New Blood Test Procedure May Predict Premature Births and Save Lives

Premature births are occurring every day in the United States and the rest of the world and doctors don’t really know why they happen or when they may happen. That may change, after Stephen Quake, an Oxford-educated American scientist and professor at Stanford, may have developed a way for women to get a non-invasive maternal blood test for detecting a premature birth up to 37 weeks before gestation.

As reported by an article in the MIT Technology Review, Quake and his team scrutinized blood samples from 38 African-American women considered at risk for preterm birth, in some cases because they’d previously had a premature baby. Overall, black children in the US are born prematurely about 50% more often than whites. Thirteen of the women ended up delivering early. By analyzing RNA molecules in their blood, the researchers found seven genes whose changing activity signals, taken together, seemed to predict which babies had arrived prematurely.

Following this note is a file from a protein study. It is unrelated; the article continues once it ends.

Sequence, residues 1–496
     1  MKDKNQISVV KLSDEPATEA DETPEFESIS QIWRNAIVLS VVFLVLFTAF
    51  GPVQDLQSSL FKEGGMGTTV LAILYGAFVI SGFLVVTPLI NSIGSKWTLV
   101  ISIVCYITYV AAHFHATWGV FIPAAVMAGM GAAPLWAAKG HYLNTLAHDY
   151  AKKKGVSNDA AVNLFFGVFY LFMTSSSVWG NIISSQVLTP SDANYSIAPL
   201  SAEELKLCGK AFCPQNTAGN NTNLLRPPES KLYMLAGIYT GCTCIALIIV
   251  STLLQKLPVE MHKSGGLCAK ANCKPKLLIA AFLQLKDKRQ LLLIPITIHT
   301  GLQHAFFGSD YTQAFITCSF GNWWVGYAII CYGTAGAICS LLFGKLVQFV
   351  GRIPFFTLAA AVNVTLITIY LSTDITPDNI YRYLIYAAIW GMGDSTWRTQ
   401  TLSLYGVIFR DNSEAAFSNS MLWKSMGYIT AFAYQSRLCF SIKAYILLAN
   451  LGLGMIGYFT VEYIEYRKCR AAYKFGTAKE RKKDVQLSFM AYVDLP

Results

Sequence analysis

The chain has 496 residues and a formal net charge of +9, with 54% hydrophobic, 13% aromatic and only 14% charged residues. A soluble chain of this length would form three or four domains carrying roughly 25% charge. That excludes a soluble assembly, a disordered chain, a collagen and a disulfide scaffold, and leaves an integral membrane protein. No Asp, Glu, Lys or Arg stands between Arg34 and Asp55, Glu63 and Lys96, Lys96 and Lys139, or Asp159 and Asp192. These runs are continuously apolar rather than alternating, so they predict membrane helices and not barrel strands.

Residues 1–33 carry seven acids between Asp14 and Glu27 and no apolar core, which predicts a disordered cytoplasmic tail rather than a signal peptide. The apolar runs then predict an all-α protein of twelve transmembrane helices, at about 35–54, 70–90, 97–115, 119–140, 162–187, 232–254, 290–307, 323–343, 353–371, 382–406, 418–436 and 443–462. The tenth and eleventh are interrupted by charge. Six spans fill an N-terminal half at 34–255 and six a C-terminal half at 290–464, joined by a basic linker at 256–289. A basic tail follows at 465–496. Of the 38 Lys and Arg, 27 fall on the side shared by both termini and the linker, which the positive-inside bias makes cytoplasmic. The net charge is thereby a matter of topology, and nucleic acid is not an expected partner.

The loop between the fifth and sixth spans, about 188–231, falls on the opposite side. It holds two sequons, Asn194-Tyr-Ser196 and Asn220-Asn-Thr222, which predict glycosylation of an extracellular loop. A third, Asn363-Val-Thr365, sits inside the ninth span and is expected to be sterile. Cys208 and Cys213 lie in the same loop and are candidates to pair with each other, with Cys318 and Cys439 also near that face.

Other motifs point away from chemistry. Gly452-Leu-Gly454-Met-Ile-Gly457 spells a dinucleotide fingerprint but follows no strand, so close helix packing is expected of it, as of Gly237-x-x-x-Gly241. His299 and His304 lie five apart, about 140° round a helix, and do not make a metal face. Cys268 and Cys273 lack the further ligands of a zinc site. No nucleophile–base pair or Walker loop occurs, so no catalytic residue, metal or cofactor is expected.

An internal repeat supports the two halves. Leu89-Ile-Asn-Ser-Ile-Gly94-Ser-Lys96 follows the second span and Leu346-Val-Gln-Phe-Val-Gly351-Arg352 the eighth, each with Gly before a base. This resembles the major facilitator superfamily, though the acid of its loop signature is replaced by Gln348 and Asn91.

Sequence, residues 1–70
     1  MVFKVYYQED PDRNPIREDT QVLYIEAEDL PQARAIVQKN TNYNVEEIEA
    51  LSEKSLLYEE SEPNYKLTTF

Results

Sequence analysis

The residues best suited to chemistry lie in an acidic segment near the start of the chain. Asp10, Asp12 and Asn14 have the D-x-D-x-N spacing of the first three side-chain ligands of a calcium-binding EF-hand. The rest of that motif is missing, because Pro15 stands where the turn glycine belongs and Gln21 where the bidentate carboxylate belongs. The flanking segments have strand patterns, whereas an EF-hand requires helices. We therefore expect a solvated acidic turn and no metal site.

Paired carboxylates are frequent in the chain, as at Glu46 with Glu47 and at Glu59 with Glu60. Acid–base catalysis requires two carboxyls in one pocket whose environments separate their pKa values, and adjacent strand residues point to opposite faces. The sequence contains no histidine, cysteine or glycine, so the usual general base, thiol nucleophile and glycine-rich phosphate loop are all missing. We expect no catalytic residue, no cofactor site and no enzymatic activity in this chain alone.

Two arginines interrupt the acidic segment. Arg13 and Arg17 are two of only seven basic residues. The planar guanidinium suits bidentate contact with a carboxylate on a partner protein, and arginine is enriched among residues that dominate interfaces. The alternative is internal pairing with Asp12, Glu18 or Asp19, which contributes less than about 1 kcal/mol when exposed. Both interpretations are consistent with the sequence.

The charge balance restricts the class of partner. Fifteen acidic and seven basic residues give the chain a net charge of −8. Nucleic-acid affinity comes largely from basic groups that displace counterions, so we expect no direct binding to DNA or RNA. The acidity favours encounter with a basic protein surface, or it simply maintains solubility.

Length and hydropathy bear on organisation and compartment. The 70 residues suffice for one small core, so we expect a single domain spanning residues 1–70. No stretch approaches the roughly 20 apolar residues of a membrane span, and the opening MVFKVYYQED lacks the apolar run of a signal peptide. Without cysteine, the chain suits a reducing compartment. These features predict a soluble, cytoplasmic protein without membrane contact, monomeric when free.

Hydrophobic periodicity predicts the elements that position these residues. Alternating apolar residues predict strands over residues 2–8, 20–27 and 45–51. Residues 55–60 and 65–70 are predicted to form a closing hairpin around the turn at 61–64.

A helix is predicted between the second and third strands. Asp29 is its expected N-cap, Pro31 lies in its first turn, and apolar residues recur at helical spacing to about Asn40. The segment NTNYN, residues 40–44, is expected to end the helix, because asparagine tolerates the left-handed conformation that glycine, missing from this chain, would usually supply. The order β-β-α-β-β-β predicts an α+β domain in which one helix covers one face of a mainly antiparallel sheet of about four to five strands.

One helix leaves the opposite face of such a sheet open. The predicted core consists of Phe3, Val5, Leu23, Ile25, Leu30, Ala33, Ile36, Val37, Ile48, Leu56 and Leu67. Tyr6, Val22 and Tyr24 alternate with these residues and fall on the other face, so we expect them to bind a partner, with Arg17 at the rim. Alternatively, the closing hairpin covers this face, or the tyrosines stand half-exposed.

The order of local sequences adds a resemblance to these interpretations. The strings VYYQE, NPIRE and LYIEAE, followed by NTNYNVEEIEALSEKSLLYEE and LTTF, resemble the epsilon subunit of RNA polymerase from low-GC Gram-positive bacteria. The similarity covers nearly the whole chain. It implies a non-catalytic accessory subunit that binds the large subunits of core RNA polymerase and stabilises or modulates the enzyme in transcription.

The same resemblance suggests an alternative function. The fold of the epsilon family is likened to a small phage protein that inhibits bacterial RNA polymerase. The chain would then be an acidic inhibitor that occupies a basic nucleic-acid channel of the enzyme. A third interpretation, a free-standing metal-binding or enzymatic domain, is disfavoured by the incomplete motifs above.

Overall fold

Premature Birth Consequences

Premature births could mean serious short-term and long-term health consequences for babies as well as learning and behavior problems as they turn into adults. Costs associated with premature births in 2007 amounted to $26.2 Billion according to the Institute of Medicine.

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